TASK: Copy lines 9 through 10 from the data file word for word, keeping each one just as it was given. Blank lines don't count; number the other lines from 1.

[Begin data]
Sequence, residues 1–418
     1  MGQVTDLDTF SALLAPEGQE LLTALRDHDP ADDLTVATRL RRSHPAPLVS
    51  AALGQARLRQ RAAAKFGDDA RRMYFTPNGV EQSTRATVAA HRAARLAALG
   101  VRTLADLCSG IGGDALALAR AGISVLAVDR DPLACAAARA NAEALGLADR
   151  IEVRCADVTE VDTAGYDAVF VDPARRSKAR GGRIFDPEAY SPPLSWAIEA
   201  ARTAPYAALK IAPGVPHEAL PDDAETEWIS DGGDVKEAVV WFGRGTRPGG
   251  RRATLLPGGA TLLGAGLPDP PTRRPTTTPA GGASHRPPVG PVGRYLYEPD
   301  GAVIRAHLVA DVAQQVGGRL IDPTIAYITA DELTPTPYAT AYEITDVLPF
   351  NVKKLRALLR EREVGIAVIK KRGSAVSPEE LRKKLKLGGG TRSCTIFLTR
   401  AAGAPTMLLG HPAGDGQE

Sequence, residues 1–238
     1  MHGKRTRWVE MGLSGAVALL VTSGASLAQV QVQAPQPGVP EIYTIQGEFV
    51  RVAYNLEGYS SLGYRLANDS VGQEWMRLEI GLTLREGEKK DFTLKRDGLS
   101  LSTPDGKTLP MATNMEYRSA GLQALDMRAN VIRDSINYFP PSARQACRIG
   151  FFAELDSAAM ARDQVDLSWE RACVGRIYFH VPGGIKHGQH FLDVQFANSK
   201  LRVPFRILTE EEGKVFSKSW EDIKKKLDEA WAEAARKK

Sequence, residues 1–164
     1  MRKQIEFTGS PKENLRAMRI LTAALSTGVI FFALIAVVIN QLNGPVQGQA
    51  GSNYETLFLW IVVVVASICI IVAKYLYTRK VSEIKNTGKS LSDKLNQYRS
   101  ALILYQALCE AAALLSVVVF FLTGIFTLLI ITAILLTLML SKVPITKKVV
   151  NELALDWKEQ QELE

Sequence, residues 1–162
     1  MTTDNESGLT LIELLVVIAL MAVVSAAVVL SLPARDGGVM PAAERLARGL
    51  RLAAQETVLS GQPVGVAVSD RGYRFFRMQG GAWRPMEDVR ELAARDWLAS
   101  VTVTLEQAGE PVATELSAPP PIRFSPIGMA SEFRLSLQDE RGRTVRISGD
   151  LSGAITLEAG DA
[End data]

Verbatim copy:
   351  NVKKLRALLR EREVGIAVIK KRGSAVSPEE LRKKLKLGGG TRSCTIFLTR
   401  AAGAPTMLLG HPAGDGQE